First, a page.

A new study has found that a natural extract from daffodils has properties that can kill cancer. It lays out the molecular mechanism by which the extract could cause cancer cell death.
The new research tested the anti-cancer properties of a natural daffodil extract called hemanthamine.
Hemanthamine (HAE) is a natural alkaloid that is, a naturally occurring chemical found in plants that has a strong physiological effect in humans.
The research was led by Denis Lafontaine, of the Faculty of Sciences at the Université Libre de Bruxelles (ULB) in Belgium.
The team explained that daffodil extract has been helpful in the fight against cancer; former in vitro studies which were carried out both by Lafontaine’s team as well as other researchers. The study proved that HAE has anti-cancer effects that overcome the cells’ resistance to apoptosis, or cell death.
In this new research, the scientists from the RNA Molecular Biology Laboratory at the Faculty of Sciences and ULB-Cancer Research Center have disclosed that HAE triggers an “antitumoral surveillance pathway.” The results serve to illuminate the mechanism by which the plants in the family known as Amaryllidaceae alkaloids can fight cancer.
Amaryllidaceae plants are among the 20 most widely considered medicinal plant families due to their pharmacologically active compounds.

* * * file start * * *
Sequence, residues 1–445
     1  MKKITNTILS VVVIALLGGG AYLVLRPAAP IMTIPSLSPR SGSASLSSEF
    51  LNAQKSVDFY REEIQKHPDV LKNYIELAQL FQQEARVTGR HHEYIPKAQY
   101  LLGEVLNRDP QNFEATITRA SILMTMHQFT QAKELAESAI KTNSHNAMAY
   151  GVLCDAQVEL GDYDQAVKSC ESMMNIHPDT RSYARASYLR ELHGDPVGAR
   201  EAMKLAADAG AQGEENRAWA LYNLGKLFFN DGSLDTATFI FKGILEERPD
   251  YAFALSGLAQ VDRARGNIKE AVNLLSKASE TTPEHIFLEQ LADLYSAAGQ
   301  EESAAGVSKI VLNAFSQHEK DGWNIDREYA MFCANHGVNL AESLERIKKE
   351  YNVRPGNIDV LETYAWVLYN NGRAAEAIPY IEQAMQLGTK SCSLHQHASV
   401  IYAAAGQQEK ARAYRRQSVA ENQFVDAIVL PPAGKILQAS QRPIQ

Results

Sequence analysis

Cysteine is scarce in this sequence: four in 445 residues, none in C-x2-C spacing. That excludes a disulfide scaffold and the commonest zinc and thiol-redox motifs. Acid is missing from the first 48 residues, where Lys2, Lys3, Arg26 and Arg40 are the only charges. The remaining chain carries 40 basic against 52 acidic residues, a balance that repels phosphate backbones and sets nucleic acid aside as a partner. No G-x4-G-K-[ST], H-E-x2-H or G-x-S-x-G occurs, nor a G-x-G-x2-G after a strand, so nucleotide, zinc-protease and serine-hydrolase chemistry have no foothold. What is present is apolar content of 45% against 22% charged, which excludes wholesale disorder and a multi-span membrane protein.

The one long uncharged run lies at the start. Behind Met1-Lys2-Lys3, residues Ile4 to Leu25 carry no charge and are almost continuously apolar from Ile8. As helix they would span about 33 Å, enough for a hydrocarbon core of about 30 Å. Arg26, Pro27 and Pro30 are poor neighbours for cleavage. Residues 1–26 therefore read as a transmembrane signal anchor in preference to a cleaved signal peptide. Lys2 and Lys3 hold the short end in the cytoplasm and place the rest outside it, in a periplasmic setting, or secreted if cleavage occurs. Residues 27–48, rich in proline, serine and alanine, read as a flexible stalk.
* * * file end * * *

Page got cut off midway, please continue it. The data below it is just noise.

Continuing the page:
Starving cancer cells of proteins
As the researchers explain in their study, cancer cells need protein synthesis in order to grow and progress. Cell organelles known as ribosomes are crucial for synthesizing proteins in fact, ribosomes are often described as “micro-machines for making proteins.”
So, ribosomes are, in a way, the Achilles’ heel of cancer cells; the malignant cells are especially sensitive to treatments that stop ribosomes from working properly.
Lafontaine and his team show that HAE prevents protein production by acting on these ribosomes. The extract appears to block the production of ribosomes in the nucleolus.
The nucleolar stress thus induced triggers a chain reaction that culminates with the elimination of cancer cells: it activates a tumoral surveillance pathway, which stabilizes a protein called p53, which then leads to cell death.
Future Relevance of the Discovery
This is the first time that a research has offered a molecular explanation for the anti-cancer properties of daffodils, which have been used in traditional medicine since the times of Ancient Greece.
The researchers say that the biological activities of Amaryllidaceae alkaloids are not restricted to anticancer effects but include potential anticholinesterase, antimalarial, antiviral, and anti-inflammatory properties.
The strong analgesic morphine as well as quinine which is used against malaria and ephedrine used in the treatment of asthma are all part of the same family as HAE.
The team are now looking to test four Amaryllidaceae alkaloids in an effort to detect the most promising compound that can be developed into a binding form of anti-cancer treatment.